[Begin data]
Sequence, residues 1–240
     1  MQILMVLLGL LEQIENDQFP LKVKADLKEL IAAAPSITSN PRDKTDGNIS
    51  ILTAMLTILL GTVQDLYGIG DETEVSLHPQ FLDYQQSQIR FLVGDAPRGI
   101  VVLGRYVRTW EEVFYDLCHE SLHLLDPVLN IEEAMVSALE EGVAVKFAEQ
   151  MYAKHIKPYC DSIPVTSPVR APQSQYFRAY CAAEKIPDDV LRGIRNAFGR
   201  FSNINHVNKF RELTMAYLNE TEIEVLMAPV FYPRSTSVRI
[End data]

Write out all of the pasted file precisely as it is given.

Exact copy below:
Sequence, residues 1–240
     1  MQILMVLLGL LEQIENDQFP LKVKADLKEL IAAAPSITSN PRDKTDGNIS
    51  ILTAMLTILL GTVQDLYGIG DETEVSLHPQ FLDYQQSQIR FLVGDAPRGI
   101  VVLGRYVRTW EEVFYDLCHE SLHLLDPVLN IEEAMVSALE EGVAVKFAEQ
   151  MYAKHIKPYC DSIPVTSPVR APQSQYFRAY CAAEKIPDDV LRGIRNAFGR
   201  FSNINHVNKF RELTMAYLNE TEIEVLMAPV FYPRSTSVRI